The Diagnostic and Statistical Manual of Mental Disorders, Fourth Edition, Text Revised (DSM-IV-TR), which is the diagnostic guidebook published by the American Psychiatric Association, indicates that there are three domains of diagnostic criteria for a diagnosis of Autism. Impairment with social relationships is the first domain which includes impaired nonverbal communication (poor eye contact and lack of gestures), poor peer relationships (lack of social interest when young to one-sided social interactions when older), poor joint attention (lack of pointing to show interest, not bringing items to show parents), and a lack of emotional reciprocity (failure of the child to notice parents and peers emotions). The second area is impairment in language which includes: language delay (not speaking at a year, or not speaking in sentences at two years), inability to carry on a give-and-take conversation, perseverative and repetitive language (repeating lines from television shows or the same thing over and over), and absent or delayed pretend play. The final area of Autism is repetitive behaviors which include: preoccupations or over-interest with favorite objects or topics that are unusual for the child’s age, routines and rituals that cause distress if interrupted, stereotypical movements (rocking, hand flapping, spinning), and interest in parts of objects (playing with only the wheels on a car). According to the DSM-IV, the main differential between the diagnoses of Autism (as described above) versus Asperger’s Disorder is that children with a diagnosis of Aspergers do not evidence impairment in language.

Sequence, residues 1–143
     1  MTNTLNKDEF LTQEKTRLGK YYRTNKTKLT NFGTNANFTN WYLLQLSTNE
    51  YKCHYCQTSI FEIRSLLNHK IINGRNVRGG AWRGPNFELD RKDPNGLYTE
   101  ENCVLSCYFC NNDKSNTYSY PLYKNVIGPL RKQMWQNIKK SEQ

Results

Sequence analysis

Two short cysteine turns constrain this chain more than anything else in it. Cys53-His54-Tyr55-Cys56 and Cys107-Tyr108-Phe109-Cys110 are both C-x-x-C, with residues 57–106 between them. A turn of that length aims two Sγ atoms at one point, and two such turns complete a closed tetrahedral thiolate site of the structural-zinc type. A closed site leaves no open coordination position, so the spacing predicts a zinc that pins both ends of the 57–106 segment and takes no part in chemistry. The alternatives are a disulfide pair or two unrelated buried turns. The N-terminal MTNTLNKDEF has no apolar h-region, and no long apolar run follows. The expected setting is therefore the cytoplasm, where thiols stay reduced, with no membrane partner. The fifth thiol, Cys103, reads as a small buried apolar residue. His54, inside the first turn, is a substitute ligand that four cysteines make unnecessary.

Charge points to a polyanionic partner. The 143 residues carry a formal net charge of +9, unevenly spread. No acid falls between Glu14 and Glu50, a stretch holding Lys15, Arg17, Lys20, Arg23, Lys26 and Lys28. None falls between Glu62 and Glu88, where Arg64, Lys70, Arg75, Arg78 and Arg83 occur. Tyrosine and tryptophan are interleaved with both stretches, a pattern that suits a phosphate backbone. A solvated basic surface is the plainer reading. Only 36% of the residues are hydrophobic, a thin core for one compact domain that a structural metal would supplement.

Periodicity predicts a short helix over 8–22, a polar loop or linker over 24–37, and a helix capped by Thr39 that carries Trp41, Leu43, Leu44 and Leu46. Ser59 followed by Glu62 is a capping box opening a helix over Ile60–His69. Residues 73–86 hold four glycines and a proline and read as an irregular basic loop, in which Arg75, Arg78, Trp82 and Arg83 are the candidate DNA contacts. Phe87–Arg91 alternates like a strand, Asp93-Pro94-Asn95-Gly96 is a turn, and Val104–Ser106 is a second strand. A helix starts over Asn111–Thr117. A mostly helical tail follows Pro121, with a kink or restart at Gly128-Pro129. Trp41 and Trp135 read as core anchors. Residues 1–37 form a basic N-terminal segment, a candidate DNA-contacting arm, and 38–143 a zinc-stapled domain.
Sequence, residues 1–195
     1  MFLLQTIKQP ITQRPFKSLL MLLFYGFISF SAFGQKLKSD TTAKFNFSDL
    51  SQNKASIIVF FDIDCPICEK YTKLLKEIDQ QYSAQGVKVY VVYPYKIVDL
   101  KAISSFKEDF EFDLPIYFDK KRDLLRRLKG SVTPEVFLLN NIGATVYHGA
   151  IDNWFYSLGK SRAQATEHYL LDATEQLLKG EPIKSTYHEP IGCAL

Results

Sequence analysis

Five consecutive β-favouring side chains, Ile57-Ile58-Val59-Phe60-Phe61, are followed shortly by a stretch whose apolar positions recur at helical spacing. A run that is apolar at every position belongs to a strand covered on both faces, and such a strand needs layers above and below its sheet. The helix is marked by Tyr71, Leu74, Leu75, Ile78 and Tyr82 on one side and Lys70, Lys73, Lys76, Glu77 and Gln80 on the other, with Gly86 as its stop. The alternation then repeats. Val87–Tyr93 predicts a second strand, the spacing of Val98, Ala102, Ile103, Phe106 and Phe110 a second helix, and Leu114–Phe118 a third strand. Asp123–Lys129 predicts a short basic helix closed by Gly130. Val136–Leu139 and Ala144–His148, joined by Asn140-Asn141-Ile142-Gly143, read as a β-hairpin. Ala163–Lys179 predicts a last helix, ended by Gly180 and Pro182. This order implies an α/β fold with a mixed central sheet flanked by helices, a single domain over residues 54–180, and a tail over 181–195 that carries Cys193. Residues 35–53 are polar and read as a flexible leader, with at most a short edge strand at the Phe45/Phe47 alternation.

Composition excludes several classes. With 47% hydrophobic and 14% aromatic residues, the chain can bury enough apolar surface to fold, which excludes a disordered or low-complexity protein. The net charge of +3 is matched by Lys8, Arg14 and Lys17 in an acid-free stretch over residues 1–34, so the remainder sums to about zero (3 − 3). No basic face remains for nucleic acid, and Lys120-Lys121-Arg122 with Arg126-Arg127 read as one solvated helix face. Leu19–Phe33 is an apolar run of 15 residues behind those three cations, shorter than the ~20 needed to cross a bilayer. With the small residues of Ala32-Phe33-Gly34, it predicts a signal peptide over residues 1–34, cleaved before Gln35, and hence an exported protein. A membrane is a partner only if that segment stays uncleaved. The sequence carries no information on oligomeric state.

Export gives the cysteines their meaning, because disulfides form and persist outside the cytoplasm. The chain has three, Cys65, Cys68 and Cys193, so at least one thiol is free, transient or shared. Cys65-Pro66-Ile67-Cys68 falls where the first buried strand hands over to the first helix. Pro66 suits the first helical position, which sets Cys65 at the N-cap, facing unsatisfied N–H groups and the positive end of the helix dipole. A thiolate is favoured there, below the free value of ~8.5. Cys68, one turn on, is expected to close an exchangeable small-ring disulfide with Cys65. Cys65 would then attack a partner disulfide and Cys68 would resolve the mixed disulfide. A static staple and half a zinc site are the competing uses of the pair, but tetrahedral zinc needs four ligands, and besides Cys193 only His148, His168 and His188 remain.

Asperger’s Diagnosis: